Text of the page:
The final disc presents the violinist’s competition-winning performance in the form of the finale of Beethoven’s concerto, with the Joachim cadenza, and a brief and rather indistinct interview between the jury President, Henryk Szeryng and the young Ter-Merguerian. The major work in this last disc is a 1964 archive performance of Khachaturian’s Concerto with the Armenian Philharmonic directed by Michael Maluntsian in Yerevan, where Ter-Merguerian lived for a number of years. I assume Oistrakh guided him in this work as he doesn’t cleave to Kogan’s very fast first movement tempo but is otherwise an astute, clear-sighted interpreter. Some of the wind solos rise up with alarming bullishness from the orchestral tapestry. I doubt they would have been spot-miked so I assume this is an acoustic phenomenon. The disc ends with a sequence of smaller pieces; two by Khachaturian himself, including a stylish Ayshe’s Dance from Gayane. He also plays Prokofiev’s Masks from Romeo and Juliet in Heifetz’s arrangement. There are two more examples of his Sarasate – proficient but not personalised – and three lovely pieces by Komitas. Two of these are studio broadcasts and the final piece is a solo rendition of Krunk (The Crane), one of Komitas’ most famous compositions which is performed live in concert and elicits great applause.

There’s a fine 20-page booklet with a biographical portrait of the violinist and plenty of photographs, some in colour. Ter-Merguerian was a rock-solid performer with a big technique and he had a subtle, fluid bowing arm. He didn’t possess, at least from these archive performances, an overpowering stamp of personality and individuality. Apart from the Timpani CD and a privately circulated CD-R, there seem to be no other available examples of his art, which makes this 5-CD set attractive to specialists in the field.

Jonathan Woolf

Previous review: Stephen Greenbank

Contents
CD1 | 74:14
Johannes Brahms
Violin Concerto in D major, Op.77 (Cadenza: F.Kreisler)
Boston Symphony Orchestra | Arthur Fiedler
recorded: live | Symphony Hall, Boston | 13 June 1975
intro: tuning
Ludwig van Beethoven
Triple Concerto for Piano, Violin and Cello in C major, Op.56
Pierre Barbizet, piano | Jean Ter-Merguerian, violin | Yvan Chiffoleau, cello
Orchestre de Cannes-Provence-Côte d’Azur | Philippe Bender
recorded: live | Cour du Conservatoire, Marseille | 30 July 1983

CD2 | 73:05
1982 | Carcasonne | recital with M.Oberdoerffer
applause / tuning
Johannes Brahms
Violin Sonata No.1 in G major, Op.78
Johann Sebastian Bach
Chaconne (from Violin solo Partita No.2 in D minor, BWV 1004)
Wolfgang Amadeus Mozart
Violin Sonata (No.26) in B-flat major, K.378/317d
Camille Saint-Saëns
Havanaise in E major, Op.83
Monique Oberdoerffer, piano
recorded: live | Théâtre municipal, Carcasonne | 20 February 1982
 
CD3 | 67:27
encores/bis:
applause / tuning
Pablo de Sarasate
- Playera, Op.23/1 (Spanish Dance No.5 - Book III)
- Caprice basque, Op.24
Monique Oberdoerffer, piano
recorded: live | Théâtre municipal, Carcasonne | 20 February 1982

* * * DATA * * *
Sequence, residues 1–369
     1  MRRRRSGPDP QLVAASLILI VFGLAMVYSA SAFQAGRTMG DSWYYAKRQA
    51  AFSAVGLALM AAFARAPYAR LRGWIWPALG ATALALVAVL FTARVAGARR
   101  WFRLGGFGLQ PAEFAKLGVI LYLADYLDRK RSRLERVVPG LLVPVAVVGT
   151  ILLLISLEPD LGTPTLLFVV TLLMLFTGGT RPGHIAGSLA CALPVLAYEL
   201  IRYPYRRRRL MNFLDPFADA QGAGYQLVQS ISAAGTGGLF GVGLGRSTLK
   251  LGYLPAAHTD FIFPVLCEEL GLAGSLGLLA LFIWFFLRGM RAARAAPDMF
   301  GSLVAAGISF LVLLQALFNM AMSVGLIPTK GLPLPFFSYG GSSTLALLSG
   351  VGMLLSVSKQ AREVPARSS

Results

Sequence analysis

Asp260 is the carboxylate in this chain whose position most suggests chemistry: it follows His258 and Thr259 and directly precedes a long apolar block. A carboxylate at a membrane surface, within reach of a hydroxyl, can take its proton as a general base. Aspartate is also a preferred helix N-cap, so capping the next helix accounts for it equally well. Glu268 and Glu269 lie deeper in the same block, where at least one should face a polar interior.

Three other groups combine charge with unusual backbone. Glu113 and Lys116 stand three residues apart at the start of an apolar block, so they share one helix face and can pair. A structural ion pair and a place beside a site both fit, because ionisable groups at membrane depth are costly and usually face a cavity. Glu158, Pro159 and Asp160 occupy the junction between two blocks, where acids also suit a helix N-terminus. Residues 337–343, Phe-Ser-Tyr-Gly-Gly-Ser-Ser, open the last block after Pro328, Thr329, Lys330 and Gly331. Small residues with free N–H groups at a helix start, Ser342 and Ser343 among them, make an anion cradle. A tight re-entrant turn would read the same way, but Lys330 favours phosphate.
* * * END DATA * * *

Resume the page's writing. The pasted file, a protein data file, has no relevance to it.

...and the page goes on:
announced by Jean Ter-Merguerian
Eugène Ysaÿe
Violin solo Sonata No.3 in D minor, Op.27/3 “Ballade” (1923)
recorded: live | Marseille | c.1998

1985 | Marseille | recital with P.Barbizet
Ludwig van Beethoven
Violin Sonata No.1 in D major, Op.12/1
Ludwig van Beethoven
Violin Sonata No.7 in C minor, Op.30/2
Pierre Barbizet, piano
recorded: live | Eglise du Sacré Coeur, Marseille | 28 June 1985

CD4 | 74:35
tuning
Ludwig van Beethoven
Violin Sonata No.9 in A major, Op.47 “à Kreutzer”
encore/bis:
announce by Pierre Barbizet
Violin Sonata No.5 in F major, Op.24 “Spring” : II. Adagio molto espressivo
Pierre Barbizet, piano
recorded: live | Eglise du Sacré Coeur, Marseille | 28 June 1985
Wolfgang Amadeus Mozart
Violin Sonata (No.17) in C major, K.296
Gérard Gasparian, piano
recorded: audience-live | Victoria Hall, Geneva | 19 November 1998
Gérard Gasparian (1960-)
Sonate pour violon et piano (1990) [to Jean Ter-Merguerian]
Gérard Gasparian, piano
recorded: studio | Paris | 1999

CD5 | 79:12
1961 | Paris | 1st Grand Prize “Long – Thibaud Competition”
Ludwig van Beethoven
Violin Concerto in D major, Op.61 : III. Rondò. Allegro (Cadenza: Joseph Joachim)
Henryk Szeryng, jury President, introduces and speaks with Jean Ter-Merguerian
(French interview by RTF after the Beethoven Concerto performance)
Orchestre national de la RTF | Louis Fourestier
recorded: live telecast | Paris | 27 June 1961
1964/71 | Armenian recordings
Aram Khachaturian
Violin Concerto in D minor (1940)
Armenian Philharmonic Orchestra | Michael Maluntsian
recorded: live | Big Hall of Armenian Philharmony, Yerevan | 1964
Aram Khachaturian
- Dance in B-flat major, Op.1 (1925)
- Ayshe’s Dance (“Gayane”, Ballet-Suite No.2) / arr. Mikhael Fikhtengolts
Sergei Prokofiev
Masks (“Romeo and Juliet”, Suite Op.75) / arr. Jascha Heifetz
Pablo de Sarasate
- Habanera, Op.21/2 (Spanish Dance No.2)
- Romanza Andaluza, Op.22/1 (Spanish Dance No.3)
Komitas
3 Armenian Songs:
- “Akh Maral djan” (Ah, dear Maral) / arr. Aram Shamshyan
- “Qeler-tsoler” (Striding, beaming) / arr. Aram Shamshyan
- “Krunk” (The crane), for Violin solo *
Nelli Daniel-Beck, piano
recorded: studio & live* | Yerevan | c.1968/71